Capturing light in an efficient dye trap

May 10, 2013
Figure 1: The ABPX dye produces fluorescence in both solution (left) and aggregate state (right). Credit: 2013 Shinichiro Kamino, RIKEN Center for Life Science Technologies

Chemical compounds that can efficiently capture and convert light energy are in high demand as key components of inexpensive solar cells and advanced optical sensors. Carbon-based organic dyes are particularly strong candidates for such applications due to their low cost compared with the conventionally used silicon, but the lackluster performance of organic dyes has so far hindered their uptake by industry. Shuichi Enomoto, Shinichiro Kamino and colleagues at the RIKEN Center for Life Science Technologies have now discovered an organic dye that overcomes one of the major hurdles of this promising technology.

A wide range of are known to exist and their performance is limited by a tendency for the molecules to form aggregates that dissipate absorbed light energy. When an organic dye molecule absorbs a photon of light, it receives a kick of energy that can be put to use either by channeling the energy into an electric current in a solar cell, or re-emitting the light to indicate the presence of a , as part of an optical sensor. The aggregation of neighboring dissipates some of the captured energy before it can be used—a process known as aggregation-induced quenching.

Enomoto's team discovered a compound known as an aminobenzopyrano-xanthene (ABPX) dye that is not affected by aggregation. "We fortuitously discovered the ABPX dye in the process of synthesizing rhodamine B, another organic fluorescence dye," says Kamino. Investigating the compound's structure and photophysical properties in solution revealed that aggregate formation did not impede its energy-emitting performance (Fig. 1).

The researchers found that the key to the ABPX dye's improved performance despite aggregation is its extra bulk. The compound's carbon skeleton is almost twice as large as that of rhodamine B and incorporates side groups that prevent neighboring molecules in aqueous solution from stacking together too closely, something that causes molecules to rapidly dissipate their captured energy in other dyes.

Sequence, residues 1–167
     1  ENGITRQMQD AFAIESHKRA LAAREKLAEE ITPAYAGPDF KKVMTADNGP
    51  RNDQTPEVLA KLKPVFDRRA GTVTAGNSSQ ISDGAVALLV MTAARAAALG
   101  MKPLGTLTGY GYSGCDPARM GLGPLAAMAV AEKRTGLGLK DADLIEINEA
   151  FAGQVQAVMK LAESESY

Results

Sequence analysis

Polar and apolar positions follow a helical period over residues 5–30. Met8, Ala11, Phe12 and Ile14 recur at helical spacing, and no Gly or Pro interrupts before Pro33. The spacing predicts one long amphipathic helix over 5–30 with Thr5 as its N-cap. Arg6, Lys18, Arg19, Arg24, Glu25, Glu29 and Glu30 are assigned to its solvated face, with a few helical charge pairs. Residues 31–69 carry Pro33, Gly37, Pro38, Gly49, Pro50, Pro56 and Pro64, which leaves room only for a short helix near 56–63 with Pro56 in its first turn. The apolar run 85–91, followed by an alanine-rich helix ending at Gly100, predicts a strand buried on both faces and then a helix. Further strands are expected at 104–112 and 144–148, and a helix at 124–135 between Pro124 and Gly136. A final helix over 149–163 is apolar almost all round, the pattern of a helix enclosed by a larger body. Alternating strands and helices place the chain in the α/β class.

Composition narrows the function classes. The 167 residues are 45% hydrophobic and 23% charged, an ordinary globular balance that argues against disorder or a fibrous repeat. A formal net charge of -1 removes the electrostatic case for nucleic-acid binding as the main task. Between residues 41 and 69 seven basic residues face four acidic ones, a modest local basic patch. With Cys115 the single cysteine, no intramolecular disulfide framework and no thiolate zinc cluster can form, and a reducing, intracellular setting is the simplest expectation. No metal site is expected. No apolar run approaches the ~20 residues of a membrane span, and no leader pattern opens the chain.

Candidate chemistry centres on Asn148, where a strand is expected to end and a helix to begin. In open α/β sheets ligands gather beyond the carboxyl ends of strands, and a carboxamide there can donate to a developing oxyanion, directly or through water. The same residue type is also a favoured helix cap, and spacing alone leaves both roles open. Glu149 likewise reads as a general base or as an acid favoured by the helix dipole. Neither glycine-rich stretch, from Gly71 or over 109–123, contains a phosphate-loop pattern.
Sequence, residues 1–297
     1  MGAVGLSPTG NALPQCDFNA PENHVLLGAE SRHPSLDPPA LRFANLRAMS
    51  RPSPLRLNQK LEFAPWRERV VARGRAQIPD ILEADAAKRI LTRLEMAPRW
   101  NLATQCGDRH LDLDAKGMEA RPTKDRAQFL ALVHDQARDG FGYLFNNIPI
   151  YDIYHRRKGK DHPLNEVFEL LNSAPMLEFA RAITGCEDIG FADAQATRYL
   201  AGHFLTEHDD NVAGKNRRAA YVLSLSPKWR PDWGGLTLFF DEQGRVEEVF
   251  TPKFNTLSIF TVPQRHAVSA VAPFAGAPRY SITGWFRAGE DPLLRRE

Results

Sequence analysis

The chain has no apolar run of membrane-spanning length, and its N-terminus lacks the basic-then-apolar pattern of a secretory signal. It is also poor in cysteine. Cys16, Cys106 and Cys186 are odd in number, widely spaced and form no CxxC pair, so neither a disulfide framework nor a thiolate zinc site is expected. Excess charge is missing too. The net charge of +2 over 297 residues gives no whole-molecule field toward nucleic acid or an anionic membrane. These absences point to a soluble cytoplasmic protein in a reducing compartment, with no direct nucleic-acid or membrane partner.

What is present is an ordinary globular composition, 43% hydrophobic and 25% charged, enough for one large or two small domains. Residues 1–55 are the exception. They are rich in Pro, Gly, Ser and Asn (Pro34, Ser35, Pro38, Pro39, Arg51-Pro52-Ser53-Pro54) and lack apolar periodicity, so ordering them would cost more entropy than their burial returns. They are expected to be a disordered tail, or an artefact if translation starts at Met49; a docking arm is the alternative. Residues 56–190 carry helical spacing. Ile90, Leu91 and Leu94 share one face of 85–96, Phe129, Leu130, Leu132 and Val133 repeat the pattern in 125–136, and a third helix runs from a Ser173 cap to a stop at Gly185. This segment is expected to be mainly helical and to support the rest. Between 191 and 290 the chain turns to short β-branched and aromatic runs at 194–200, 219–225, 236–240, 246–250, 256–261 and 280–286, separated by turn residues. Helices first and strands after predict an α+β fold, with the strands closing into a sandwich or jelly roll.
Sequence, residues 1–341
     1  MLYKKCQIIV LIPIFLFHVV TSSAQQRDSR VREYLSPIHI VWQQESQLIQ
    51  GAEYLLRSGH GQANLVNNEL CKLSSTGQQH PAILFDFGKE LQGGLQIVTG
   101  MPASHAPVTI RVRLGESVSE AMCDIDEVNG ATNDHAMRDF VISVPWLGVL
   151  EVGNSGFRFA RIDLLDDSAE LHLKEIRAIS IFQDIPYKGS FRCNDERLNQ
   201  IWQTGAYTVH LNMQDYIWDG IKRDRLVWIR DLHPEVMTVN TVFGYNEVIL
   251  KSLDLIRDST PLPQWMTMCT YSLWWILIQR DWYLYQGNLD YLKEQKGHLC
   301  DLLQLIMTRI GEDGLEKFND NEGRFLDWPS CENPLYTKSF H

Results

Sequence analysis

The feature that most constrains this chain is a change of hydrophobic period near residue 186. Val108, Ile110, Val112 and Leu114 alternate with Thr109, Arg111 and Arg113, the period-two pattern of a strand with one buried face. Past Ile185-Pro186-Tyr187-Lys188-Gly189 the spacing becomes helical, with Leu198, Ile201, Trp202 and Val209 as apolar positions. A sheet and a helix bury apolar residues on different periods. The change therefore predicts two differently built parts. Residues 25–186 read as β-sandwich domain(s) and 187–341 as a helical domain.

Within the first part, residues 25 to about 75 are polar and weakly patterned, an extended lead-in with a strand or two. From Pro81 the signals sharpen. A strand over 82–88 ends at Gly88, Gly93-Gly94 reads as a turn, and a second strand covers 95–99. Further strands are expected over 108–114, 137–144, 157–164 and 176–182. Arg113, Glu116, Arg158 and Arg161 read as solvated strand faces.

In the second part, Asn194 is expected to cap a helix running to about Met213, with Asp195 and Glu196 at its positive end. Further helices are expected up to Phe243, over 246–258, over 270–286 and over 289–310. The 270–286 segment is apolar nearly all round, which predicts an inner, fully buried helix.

An additional unique property of the dye is that it is readily converted into a singly charged 'monocation' or doubly charged 'dication' in response to its environment. Each ion emits light at a different wavelength, which the researchers believe can be exploited to make optical sensors. "We have developed for detecting target metal ions by taking advantage of this property," says Kamino.

The team are already working on new iterations of the dye that retain the useful aggregation properties while demonstrating improved light capture properties. "We are currently working on energy-conversion materials for organic ," Kamino says.

Explore further: The fluorescent future of solar cells

More information: Kamino, S. et al. A red-emissive aminobenzopyrano-xanthene dye: elucidation of fluorescence emission mechanisms in solution and in the aggregate state. Physical Chemistry Chemical Physics 15, 2131–2140 (2013).

add to favorites email to friend print save as pdf

Related Stories

The fluorescent future of solar cells

May 09, 2013

( —For some solar cells, the future may be fluorescent. Scientists at Yale have improved the ability of a promising type of solar cell to absorb light and convert it into electrical power by adding ...

Electron transport in dye-based solar cells

May 30, 2012

European scientists studied electron flow in systems of organic photosensitive dyes and titanium-based materials. Results are particularly relevant to increasing the efficiency of a cost-effective class of ...

Recommended for you

A greener source of polyester—cork trees

Apr 16, 2014

On the scale of earth-friendly materials, you'd be hard pressed to find two that are farther apart than polyester (not at all) and cork (very). In an unexpected twist, however, scientists are figuring out ...

A beautiful, peculiar molecule

Apr 16, 2014

"Carbon is peculiar," said Nobel laureate Sir Harold Kroto. "More peculiar than you think." He was speaking to a standing-room-only audience that filled the Raytheon Amphitheater on Monday afternoon for the ...

Metals go from strength to strength

Apr 15, 2014

To the human hand, metal feels hard, but at the nanoscale it is surprisingly malleable. Push a lump of metal with brute force through a right-angle mould or die, and while it might look much the same to the ...

User comments : 0

More news stories

Hackathon team's GoogolPlex gives Siri extra powers

( —Four freshmen at the University of Pennsylvania have taken Apple's personal assistant Siri to behave as a graduate-level executive assistant which, when asked, is capable of adjusting the temperature ...

Better thermal-imaging lens from waste sulfur

Sulfur left over from refining fossil fuels can be transformed into cheap, lightweight, plastic lenses for infrared devices, including night-vision goggles, a University of Arizona-led international team ...